Review: Resident Evil 6

    Developer: Capcom Publisher: Capcom Platform: Xbox 360, PlayStation 3 Release Date: October 2, 2012 ESRB: M for Mature This review is based on the Xbox 360 version of the game Zombies. Zombies everywhere. I had just been thrown into a car by the powerful force of a massive explosion, and when I returned to consciousness, all I could see was the devastation that riddled the streets of Tall Oaks in what almost seemed like some sick re-enactment of the Raccoon City incident 10 years ago. It was like living a nightmare; like Hell on Earth. This is, more-or-less, how Resident Evil 6 opens. As you can tell, this game certainly isn“t afraid to open up with a bang, nor is it afraid to throw “bangs†in anywhere else. There are times in which the game seems to go back to the series“ roots, pitting you against zombies in very dark places, while at other times it tries too hard to be an action-packed spectacle Michael Bay would be proud of that it falls flat in areas that would otherwise make it a truly frightening game. Resident Evil 6 definitely has a lot going for it that makes it quite solid, but with its overzealous attempt to be everything at once, you will sometimes find yourself more frustrated than frightened. Our story begins with a little tutorial of sorts, throwing you into a part of Leon“s campaign closer to its end to make sure you have a good grasp at the game“s tone, controls, and co-operative play before truly sinking your teeth into the game. After the tutorial ends on a cliffhanger, you can finally start one of three campaigns, with a fourth one waiting to be unlocked once you complete the initial three. That“s right; Resident Evil 6 is a fairly lengthy game, featuring a larger-than-life storyline that is divided into four campaigns, each with a different story to tell. And with all these stories coming together so seamlessly, it“s obvious that Capcom knows a thing or two about storytelling. It“s interesting to play through a campaign and arrive at a scene that leaves you with questions, and then have those questions answered in another campaign. It“s this kind of storytelling that makes you want to play through all four campaigns in order to fully understand the plot. Unfortunately, the stories intertwining like they do also results in a bit of unwanted repetition, since you will have to re-watch certain scenes and replay certain fights. Each of the first three campaigns feature a dynamic duo, with Leon S. Kennedy teaming up with U.S. Secret Service newbie Helena Harper; Chris Redfield teaming up with fellow BSAA member Piers Nivans; and series newcomer, as well as series veteran Albert Wesker“s son, Jake Muller teaming up with Sherry Birkin from Resident Evil 2 (she“s also the child of an antagonist, by the way). These teams all take the co-op from Resident Evil 5 to new heights, which is definitely a good thing, because nobody likes a partner who mooches off of your inventory… But what really makes the co-op so top-notch becomes apparent when playing with a human partner, whether locally or online. Once you decide which character to play as (during whatever campaign you choose), the other character becomes readily available for anyone else to just drop in and play as. And depending on your settings, the game will even search for potential partners whenever you aren“t fighting for your life. Of course, once you unlock the fourth and final campaign featuring Ada Wong, expect to go it alone, because… well, let“s just say she“s single. This game not only manages to fit four whole stories into one game, but each campaign also plays differently from one another. Leon“s campaign feels like a throwback to Resident Evil 2, featuring the zombies we all know and love and an overall classic feel. Chris“s crusade, on the other hand, is much more action-oriented, and basically feels like they took Resident Evil 5 and updated it with darker, creepier locales (de-steroidizing Chris a bit, too). As for Jake“s journey, with the intimidating Ustanak chasing you down at certain points, it feels a lot like a modern rendition of Resident Evil 3: Nemesis. Lastly, Ada“s adventure is pretty much what you might remember from her campaign in Resident Evil 4, just a little better. Wait a minute, I“m sensing a pattern here… Resident Evil 2 throwback… Resident Evil 3: Nemesis throwback… Resident Evil 4 throwback… Resident Evil 5 throwback… Man, this whole game is just one big Resident Evil reunion, isn't it…? The controls have been greatly improved for Resident Evil 6. Namely, you can finally walk AND shoot at the same time. This has been a bit of an annoyance for a while now, so it“s about time Capcom made this decision. There have also been a few additions to the Resident Evil moveset, including dodging, sliding, taking cover, and the ability to fend off enemies while lying on the ground. Basically, the combat in this game has pretty much been expanded upon, both with melee and firearms, and fighting the infected has never felt better. These enhancements might take a while to grow on you, but once they do, you“ll welcome them without question. Unfortunately, though, these new additions support the fact that the game tries to be too much of an action game that the horror aspects suffer. Now, normally it wouldn't really matter if a horror game wants to add some pizazz, but Resident Evil 6 tries too hard to be everything that it often struggles from its own identity crisis. While Leon“s campaign likes reminding us of a simpler time when you fought your way through hordes of unarmed zombies, the other campaigns like to take a more Call of Duty-esque approach by giving the J“avo machine guns, rocket launchers, helicopters, and even tanks. And while this might frighten some, it“s more in the sense of “Oh crap, I“m getting shot at!†than classic psychological fear. You will also be given more gameplay mechanics than is really necessary, such as swimming, riding motorcycles, and flying jets. I appreciate Capcom trying to diversify my gaming experience, but some of these mechanics aren“t exactly utilized well enough to really work as intended. Throw in all those quick-time events that just love causing us to die far more than we should, and the experience can get a little chaotic at times. The visuals in this game are quite captivating, and work really well with the cinematic experience Capcom was shooting for. With some beautifully designed locales that offer some creative lighting effects, Resident Evil 6 really holds its own as a modern horror game, for the most part. But what“s even more stunning is the horrifically awesome creature design. Along with the simple zombies, everything else in the game has been given a unique design you“ve yet to see in any other entry that really adds something different to each encounter. The cinematic experience of Resident Evil 6 is even further expanded thanks to some truly outstanding sound design. The music really helps to set the mood in every instance, including parts that have no music at all. In those scenarios, you start understanding how creepy the creature sounds can be. And the voice acting ain“t no slouch either. In fact, the game even comes with a “voice-over pack†disk, for whatever reason. As long as the Resident Evil series has been around, it“s only natural for it to go through changes over the years. Most of those changes are highlighted and added upon in Resident Evil 6. Some of these changes work well, while others don“t. And with so many throwbacks to previous installments, this game also seems to pay quite a bit of respect to the series“ past. However, in trying to please everyone, the game also struggles with a bit of an identity crisis that involves a bit of fun, yet somewhat convoluted gameplay. But with such brilliant storytelling involving a fairly interesting storyline, horrifyingly beautiful set pieces and creature designs, and some very moody music and creepy creature sounds, Resident Evil 6 definitely has enough going for it to deserve the attention of old and new fans alike. Pros: + The story is masterfully told throughout four campaigns + Co-op is among the best of this generation + Visuals and sound design make for a pleasantly creepy experience Cons: - Attempt to do it all hurts the experience - Quick-time events can get really frustrating Overall Score: 8 (out of 10) Great In its overzealous attempt at doing everything, Resident Evil 6 has some uneven gameplay. But with its masterful storytelling, captivating visuals, and outstanding sound design, it ends up being a pretty great gaming experience.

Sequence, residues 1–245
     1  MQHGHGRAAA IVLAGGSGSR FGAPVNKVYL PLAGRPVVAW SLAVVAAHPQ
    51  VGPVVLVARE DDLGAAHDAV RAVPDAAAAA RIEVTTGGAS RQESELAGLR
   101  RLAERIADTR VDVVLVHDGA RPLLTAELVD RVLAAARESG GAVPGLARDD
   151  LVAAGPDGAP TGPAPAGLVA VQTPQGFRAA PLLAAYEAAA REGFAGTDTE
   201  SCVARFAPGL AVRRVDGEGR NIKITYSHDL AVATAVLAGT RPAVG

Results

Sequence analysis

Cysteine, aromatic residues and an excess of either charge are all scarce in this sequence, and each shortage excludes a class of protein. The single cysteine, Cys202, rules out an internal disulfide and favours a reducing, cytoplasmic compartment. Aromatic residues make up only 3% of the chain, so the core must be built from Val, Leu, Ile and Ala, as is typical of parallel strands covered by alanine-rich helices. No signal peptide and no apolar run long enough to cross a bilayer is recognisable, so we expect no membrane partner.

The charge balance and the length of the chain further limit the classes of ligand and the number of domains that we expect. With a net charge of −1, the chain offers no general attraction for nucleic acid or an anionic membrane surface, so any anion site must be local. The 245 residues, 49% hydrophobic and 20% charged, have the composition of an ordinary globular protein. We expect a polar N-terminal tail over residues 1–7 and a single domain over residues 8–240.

10. Jordan Haygood